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FEATURE NEWS

EXPLOSIVE VOTER
BACKLASH IN EUROPE
In France Sarkozy swept from power and voters in Greece punish parties responsible for painful austerity measures

May 07, 2012




Greeks march recently in Athens to protest government mandated austerity measures.
(INTERNATIONAL) -- Voters in France and Greece essentially created a new political roadmap Sunday in a powerful man-on-the-street backlash against the German-led “cure” for the Eurozone’s debt crisis -- painful austerity cuts for that average man and woman on the street who feel they are being made to pay for the sins of Wall Street and their high and mighty politicians.

In France, voters swept Francois Hollande into the Presidency, throwing out the current President Nicolas Sarkozy and bringing the Socialists back into power in that country for the first time in 17 years.

Along with Germany’s Angela Merkel, Sarkozy was a chief architect of Europe’s push to restore confidence in the euro through tough fiscal discipline but no real plan for the growth side of the economy.

In contrast to Sarkozy, Hollande plans to focus on economic growth. He, along with many average citizens believe that the almost myopic focus on spending cuts has resulted in nothing but recessions and soaring unemployment in Europe.

And angry voters in Greece handed the taste of defeat to the traditional political parties in that country that were in lock-step with the harsh fiscal terms of Greece’s international bailout – stringent austerity measures designed to prevent Greece from defaulting on its massive debts and exiting the euro currency bloc.

However no single political party won enough votes to form a government, raising the possibility of new elections within months and more uncertainty for global markets on how Greece will deal with its crisis.

The voting left centrists in Athens scrambling to form a new government against the newly strengthened ranks of the far left and right.

The voting results in France and Greece follow a few tumultuous weeks in which the Dutch government fell and Britain’s Conservative led coalition took a beating in local elections over the ongoing debate about austerity vs. stimulus plans to re-charge economic growth.

THEY ARGUE EUROZONE ECONOMIES ARE BEING DRIVEN INTO THE GROUND

Opponents of the strict austerity measures argue that the only thing they are doing is driving Eurozone economies further into the ground.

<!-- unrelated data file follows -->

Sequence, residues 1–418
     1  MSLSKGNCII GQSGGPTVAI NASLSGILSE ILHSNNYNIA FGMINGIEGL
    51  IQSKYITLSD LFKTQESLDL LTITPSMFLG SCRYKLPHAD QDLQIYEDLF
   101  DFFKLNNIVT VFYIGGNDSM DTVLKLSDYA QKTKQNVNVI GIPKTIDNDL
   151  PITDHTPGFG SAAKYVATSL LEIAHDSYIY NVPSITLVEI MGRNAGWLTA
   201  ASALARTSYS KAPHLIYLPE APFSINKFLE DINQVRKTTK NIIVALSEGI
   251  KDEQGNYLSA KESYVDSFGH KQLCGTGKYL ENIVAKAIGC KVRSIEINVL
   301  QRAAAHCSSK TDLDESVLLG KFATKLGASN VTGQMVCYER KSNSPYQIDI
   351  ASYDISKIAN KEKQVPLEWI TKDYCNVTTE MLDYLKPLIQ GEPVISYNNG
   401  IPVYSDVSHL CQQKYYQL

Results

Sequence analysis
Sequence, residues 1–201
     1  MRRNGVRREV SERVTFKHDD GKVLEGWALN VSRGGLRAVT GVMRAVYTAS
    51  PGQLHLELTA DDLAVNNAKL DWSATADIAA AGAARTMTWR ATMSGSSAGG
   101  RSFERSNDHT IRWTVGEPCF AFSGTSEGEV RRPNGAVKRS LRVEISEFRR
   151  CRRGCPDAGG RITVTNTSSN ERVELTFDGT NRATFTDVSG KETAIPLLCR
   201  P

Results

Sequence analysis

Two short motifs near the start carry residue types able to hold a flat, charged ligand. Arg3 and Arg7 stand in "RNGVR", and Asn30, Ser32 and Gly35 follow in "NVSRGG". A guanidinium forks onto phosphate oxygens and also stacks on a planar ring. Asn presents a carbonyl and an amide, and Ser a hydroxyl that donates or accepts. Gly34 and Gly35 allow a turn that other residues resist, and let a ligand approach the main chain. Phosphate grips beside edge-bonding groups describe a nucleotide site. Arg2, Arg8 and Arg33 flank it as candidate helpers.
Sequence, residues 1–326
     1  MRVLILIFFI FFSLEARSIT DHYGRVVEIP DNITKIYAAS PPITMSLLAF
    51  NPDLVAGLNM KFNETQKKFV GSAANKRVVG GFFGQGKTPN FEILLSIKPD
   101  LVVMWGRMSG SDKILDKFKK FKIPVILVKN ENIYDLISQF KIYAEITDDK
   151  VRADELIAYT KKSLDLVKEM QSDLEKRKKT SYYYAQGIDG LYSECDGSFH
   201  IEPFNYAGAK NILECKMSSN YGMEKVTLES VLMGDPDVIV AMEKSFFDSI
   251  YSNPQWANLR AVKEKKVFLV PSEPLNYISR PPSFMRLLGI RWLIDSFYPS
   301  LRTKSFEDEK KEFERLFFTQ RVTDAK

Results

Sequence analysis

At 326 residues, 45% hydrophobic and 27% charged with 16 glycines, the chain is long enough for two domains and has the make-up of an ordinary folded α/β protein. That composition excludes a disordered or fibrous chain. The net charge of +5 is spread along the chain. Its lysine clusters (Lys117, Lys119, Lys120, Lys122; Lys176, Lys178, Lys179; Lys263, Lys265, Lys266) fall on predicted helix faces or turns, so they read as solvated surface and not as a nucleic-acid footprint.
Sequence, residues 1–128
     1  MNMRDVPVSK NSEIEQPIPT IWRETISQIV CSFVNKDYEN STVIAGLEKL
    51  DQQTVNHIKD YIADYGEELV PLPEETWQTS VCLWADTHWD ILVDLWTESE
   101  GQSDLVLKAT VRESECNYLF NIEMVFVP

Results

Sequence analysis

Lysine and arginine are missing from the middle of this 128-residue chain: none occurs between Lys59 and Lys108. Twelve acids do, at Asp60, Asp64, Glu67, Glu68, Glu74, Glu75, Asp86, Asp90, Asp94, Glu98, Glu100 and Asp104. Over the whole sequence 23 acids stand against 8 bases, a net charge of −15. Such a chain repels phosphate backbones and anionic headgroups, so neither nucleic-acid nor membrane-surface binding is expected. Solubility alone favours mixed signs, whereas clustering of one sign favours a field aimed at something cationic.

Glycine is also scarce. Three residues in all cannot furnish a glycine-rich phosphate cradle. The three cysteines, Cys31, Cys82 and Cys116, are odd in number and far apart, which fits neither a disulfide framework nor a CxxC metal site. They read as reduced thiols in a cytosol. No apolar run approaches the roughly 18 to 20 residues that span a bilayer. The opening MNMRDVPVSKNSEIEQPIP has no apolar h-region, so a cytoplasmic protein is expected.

There are some economists such as Nobel Prize winning American economist Paul Krugman who believes the world is witnessing “the apparent determination of European leaders to commit economic suicide for the Continent as a whole.”

Krugman, who wrote about the Euro crisis in mid April thinks we are watching in slow motion this regional version of economic suicide as European leaders, “Double down on their failed policies and ideas. And it’s getting harder and harder to believe that anything will get them to change course. Consider the state of affairs in Spain, which is now the epicenter of the crisis. Never mind talk of recession; Spain is in full-on depression, with the overall unemployment rate at 23.6 percent, comparable to America at the depths of the Great Depression, and the youth unemployment rate over 50 percent. This can’t go on — and the realization that it can’t go on is what is sending Spanish borrowing costs ever higher,” wrote Krugman in the New York Times.

European leaders have decided they can cut, cut and cut their way to fiscal solvency with no serious plan for the production side of the equation and no investment in production.

Krugman says that prescription for health – coming mainly from Berlin and Frankfurt – is insane.

Now it appears voters in France and Greece agree with him

“Europe has had several years of experience with harsh austerity programs, and the results are exactly what students of history told you would happen: such programs push depressed economies even deeper into depression. And because investors look at the state of a nation’s economy when assessing its ability to repay debt, austerity programs haven’t even worked as a way to reduce borrowing costs,” says Krugman who adds that European leaders seem determined to drive their economy — and their society — off a cliff.

Krugman’s piece can be read here

Meanwhile there are some who think the voter pushback in Europe may foretell what is on the horizon for the U.S. where government spending and the nation’s deficit have emerged as major election-year issues.

The presumed Republican nominee Mitt Romney has vowed he would come into office with a sharp ax to cut the deficit at a much faster pace than President Obama.

But in looking at what has happened in Europe where a voter backlash has brought down leaders in Italy, Spain, Ireland, Portugal and now France and Greece, as well as a glance at recent job growth numbers in the U.S. which seem to indicate the economy has stalled, getting the American people to embrace and accept more economic pain than what they have already endured may make new austerity measures in the U.S. a very hard sell to voters.

In a weekend Op-Ed piece published in the Sky Valley Chronicle and written by former U.S. Labor Secretary Robert Reich about the American economy, Reich wrote, “No set of policies between now and Election Day are likely to expand the economy. To the contrary, government at all levels continues to contract, acting as a fiscal drag when government needs to be doing the exact reverse – boosting the economy through additional spending. In 2013, when spending major cuts are scheduled, we’ll fall off a fiscal cliff.”

Reich believes President Obama needs to state loud and clear that he won’t support additional spending cuts until the economy is showing clear signs of improvement.





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